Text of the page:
Often a gynaecologist sees women, well into their pregnancies end up in the nursing ward with fever and severe shortness of breath. 

It is always good to have a right thermometer at hand – to notice IF you have fever as it is one of the common effects of having COVID

Source: Algemeen Daglvad – Juriaan Nolles

You can protect yourself and your baby’

Back in the storm During yet another corona wave, reporter Jurriaan Nolles reports on the care, work and hustle at the Catharina Hospital in Eindhoven. Today a report on the consultation with gynecologist Michelle Westerhuis, who sees that half of the women are unvaccinated.

Gynecologist Michelle Westerhuis examines an expectant mother. photo Rene Manders

 Ever since gynecologist Michelle Westerhuis saw with her own eyes how seriously pregnant women can get into trouble because of corona, she asks each of her patients this question:

With the vaccine, we have something good on our hands after all

,,Are you vaccinated?

It’s a little after two when a pregnant woman comes into her consulting room. In response to Westerhuis’ question, she says: ,,I don’t know what the vaccine does to the baby. And I feel fine now and with that vaccine I don’t have a good feeling.”

Westerhuis tries to convince her by saying that hundreds of thousands of pregnant women have been vaccinated without a problem, that there is no study showing additional miscarriages and that corona can affect the placenta. And above all, that the vaccines are safe and effective: ”You can protect yourself and your baby.”

Patient: ,,My friend has done a lot of research himself. He can’t figure out what the vaccine does to our unborn baby. I don’t have a good feeling about it and you can’t turn that off.”

It sometimes makes her despondent, Westerhuis says later in the afternoon. ”After all, we have something good in our hands with the vaccine,” she says, ”so why are we not succeeding in getting the message across?”

Gynaecologists in the Netherlands have tried everything: cries for help, interviews in newspapers, reports on television. But they are not succeeding in convincing pregnant women to take a vaccine en masse. An estimated 50 percent of pregnant women are unvaccinated, they suspect at the professional association NVOG. There are no exact figures.

It’s also what Westerhuis sees in her own consulting room. Today, four out of eight women who visit the consultation hour appear not to have taken the vaccine. Westerhuis is concerned about this, because she regularly sees women with severe corona complaints in the nursing ward. Women, well into their pregnancies, with fever and severe shortness of breath. ,,You see how stuffy they are. Have tension and stress, are afraid they have to go to the ICU.” At Catharina Hospital, too, they have had mothers who only saw their babies after they came off the ventilator. Birth was via emergency caesarean section.

Dutch hospitals have treated nearly 1,000 pregnant women with corona since the beginning of the pandemic until early December. Of these, almost 20 percent had to go to the ICU or the obstetric “high care”, especially for pregnant women.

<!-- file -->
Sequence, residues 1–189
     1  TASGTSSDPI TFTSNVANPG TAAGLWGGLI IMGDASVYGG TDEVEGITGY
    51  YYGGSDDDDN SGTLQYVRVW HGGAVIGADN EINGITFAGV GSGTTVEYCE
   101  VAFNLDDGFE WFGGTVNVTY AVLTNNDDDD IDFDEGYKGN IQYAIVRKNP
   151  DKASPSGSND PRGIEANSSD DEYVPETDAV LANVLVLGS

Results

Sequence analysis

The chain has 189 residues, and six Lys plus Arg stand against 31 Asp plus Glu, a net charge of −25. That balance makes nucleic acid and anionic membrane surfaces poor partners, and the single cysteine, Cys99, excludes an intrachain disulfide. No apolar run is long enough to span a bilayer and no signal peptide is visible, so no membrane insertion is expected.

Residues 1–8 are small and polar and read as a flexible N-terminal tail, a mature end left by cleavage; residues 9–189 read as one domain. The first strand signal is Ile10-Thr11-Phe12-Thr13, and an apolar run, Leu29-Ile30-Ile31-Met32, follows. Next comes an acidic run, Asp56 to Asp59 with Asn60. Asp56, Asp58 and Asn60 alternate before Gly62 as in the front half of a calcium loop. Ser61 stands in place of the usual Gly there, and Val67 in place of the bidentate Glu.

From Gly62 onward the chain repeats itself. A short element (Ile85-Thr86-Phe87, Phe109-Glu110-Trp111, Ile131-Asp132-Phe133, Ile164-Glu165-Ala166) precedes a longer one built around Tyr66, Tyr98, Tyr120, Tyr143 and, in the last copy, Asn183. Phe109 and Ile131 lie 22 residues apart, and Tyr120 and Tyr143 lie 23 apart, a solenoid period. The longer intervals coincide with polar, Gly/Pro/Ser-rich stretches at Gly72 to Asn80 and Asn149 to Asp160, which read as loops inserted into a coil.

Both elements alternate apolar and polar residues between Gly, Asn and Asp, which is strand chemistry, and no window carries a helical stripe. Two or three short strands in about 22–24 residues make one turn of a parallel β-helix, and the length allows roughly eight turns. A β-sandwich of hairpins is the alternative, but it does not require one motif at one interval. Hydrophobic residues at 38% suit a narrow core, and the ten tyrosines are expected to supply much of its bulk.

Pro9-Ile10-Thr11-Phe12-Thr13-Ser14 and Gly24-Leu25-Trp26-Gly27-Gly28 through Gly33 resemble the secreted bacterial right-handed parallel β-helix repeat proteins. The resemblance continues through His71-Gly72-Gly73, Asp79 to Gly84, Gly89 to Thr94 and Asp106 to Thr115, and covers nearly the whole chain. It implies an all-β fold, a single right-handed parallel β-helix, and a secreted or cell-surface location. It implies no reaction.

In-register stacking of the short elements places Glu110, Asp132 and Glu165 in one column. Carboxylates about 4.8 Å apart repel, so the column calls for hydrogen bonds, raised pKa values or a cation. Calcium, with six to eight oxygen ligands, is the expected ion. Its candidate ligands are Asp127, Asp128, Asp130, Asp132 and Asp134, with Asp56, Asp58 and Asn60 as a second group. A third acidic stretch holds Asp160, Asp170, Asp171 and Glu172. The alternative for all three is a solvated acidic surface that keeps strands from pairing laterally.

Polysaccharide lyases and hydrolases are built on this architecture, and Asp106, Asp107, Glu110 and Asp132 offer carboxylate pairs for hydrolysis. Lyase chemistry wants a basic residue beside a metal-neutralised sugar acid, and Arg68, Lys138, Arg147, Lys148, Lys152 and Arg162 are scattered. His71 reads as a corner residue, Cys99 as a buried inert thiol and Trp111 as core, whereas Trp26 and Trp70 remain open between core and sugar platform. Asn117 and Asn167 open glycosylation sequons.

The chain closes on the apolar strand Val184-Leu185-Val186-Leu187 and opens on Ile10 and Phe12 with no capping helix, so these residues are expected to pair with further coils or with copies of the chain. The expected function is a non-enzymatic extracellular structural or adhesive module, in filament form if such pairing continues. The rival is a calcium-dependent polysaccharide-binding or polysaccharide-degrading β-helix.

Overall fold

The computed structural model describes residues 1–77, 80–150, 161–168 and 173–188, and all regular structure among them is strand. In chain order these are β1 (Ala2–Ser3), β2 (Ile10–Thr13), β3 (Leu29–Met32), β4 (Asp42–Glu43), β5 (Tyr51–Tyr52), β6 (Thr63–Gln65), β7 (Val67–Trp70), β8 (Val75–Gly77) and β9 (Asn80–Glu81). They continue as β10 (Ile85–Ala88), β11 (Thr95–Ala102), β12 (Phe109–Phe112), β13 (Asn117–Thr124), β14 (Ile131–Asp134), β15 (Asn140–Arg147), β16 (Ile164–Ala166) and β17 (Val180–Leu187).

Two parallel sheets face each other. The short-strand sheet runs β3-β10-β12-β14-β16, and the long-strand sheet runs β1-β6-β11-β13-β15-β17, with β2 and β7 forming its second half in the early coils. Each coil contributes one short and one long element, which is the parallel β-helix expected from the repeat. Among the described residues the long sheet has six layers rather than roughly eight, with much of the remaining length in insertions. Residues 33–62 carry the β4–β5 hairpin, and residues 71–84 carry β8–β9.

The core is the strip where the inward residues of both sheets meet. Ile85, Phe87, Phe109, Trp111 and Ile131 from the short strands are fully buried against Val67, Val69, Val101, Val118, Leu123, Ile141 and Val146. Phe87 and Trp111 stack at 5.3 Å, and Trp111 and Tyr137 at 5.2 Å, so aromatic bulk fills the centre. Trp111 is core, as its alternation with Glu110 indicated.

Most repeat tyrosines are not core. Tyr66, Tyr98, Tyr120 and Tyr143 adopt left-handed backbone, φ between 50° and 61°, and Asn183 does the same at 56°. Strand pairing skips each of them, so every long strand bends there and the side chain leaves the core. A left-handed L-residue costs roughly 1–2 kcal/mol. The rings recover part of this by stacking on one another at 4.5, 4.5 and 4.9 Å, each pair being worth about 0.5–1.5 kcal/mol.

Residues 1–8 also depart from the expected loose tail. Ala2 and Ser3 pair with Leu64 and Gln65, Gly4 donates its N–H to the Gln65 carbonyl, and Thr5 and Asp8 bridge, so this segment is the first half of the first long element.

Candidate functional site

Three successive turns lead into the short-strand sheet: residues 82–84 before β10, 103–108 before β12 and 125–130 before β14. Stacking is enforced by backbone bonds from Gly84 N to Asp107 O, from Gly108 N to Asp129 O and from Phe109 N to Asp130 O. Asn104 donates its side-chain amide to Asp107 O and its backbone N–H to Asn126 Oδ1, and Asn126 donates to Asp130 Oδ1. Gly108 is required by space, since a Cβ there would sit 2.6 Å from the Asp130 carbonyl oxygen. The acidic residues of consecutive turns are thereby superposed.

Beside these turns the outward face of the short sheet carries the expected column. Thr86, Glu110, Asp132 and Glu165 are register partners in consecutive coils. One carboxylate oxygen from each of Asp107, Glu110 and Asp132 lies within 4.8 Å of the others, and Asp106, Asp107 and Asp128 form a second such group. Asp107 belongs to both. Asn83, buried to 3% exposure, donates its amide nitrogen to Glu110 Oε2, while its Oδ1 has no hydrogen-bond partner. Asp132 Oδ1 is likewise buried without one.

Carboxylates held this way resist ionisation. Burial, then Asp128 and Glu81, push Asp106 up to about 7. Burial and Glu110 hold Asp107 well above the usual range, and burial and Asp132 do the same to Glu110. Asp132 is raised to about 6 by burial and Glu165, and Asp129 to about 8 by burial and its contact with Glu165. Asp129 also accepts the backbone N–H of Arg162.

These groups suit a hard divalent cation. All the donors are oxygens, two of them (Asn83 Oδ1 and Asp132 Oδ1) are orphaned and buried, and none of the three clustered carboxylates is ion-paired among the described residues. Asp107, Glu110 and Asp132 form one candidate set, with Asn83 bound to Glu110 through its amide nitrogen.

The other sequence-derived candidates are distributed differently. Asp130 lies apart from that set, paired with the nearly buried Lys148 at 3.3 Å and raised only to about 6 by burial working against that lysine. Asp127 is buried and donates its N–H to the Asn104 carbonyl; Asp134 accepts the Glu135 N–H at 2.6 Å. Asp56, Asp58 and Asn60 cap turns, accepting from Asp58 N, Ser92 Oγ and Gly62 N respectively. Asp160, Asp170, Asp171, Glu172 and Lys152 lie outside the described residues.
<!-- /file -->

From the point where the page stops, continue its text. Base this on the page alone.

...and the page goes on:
From June to early December, half of the hospitalized women suffered a premature birth. Either the mother or the child were in a deteriorated condition so the baby was delivered earlier. In one case so far, the mother died from the effects of the coronavirus.

Yet it is not these horror stories with which Westerhuis tries to convince her patients. We keep repeating the message calmly, giving the right information. Pushing things back is counterproductive; then someone shuts down and you have no opening. And you no longer have an opening.

She also understands that women have doubts. They are genuinely afraid that the vaccine will harm their baby. ”They are carrying something very fragile in their belly. For some, a paracetamol is already exciting.”

Moreover, the information provided at the beginning of the vaccination campaign was confusing. At first, women were advised to wait to receive the vaccine as a precaution. That understanding has since been reversed, but that initial message still leads to doubt. ,,I hear a lot of women who aren’t sure. They postpone their decision, and end up not making a decision at all.”

 The same question, phrased slightly differently, to a new patient in Westerhuis’ room. ”What about your vaccination status?” Answer: ,,The vaccine is still very new, so I’ve been hesitating. It’s a risk after all. I didn’t do it.”

Patiently, Westerhuis repeats all the research. Maybe after vaccination you will get a small side effect of muscle pain or some fever. But your baby won’t notice that.”

After the consultation, Westerhuis points out through the window to the city of Eindhoven. The Catharina Hospital is located near the Woensel neighbourhood. ”We are a city hospital,” she says. ,,We see women from all different cultures and ranks. A popular late night show in The Netherlands  broadcasted already an item on this subject, and then a gynecologist was on Op1. But those programs don’t see many of my patients.”

She always asks her patients where they got their information. Often it’s from their environment, with well-intentioned advice, Westerhuis says. ”We have to continue to put our knowledge in front of that.”

A young pregnant woman steps into Westerhuis’ consulting room. She has been vaccinated, she explains. ,,,I didn’t study for it, so when a doctor tells me to take it, I’m more likely to trust that than a post on Facebook.’’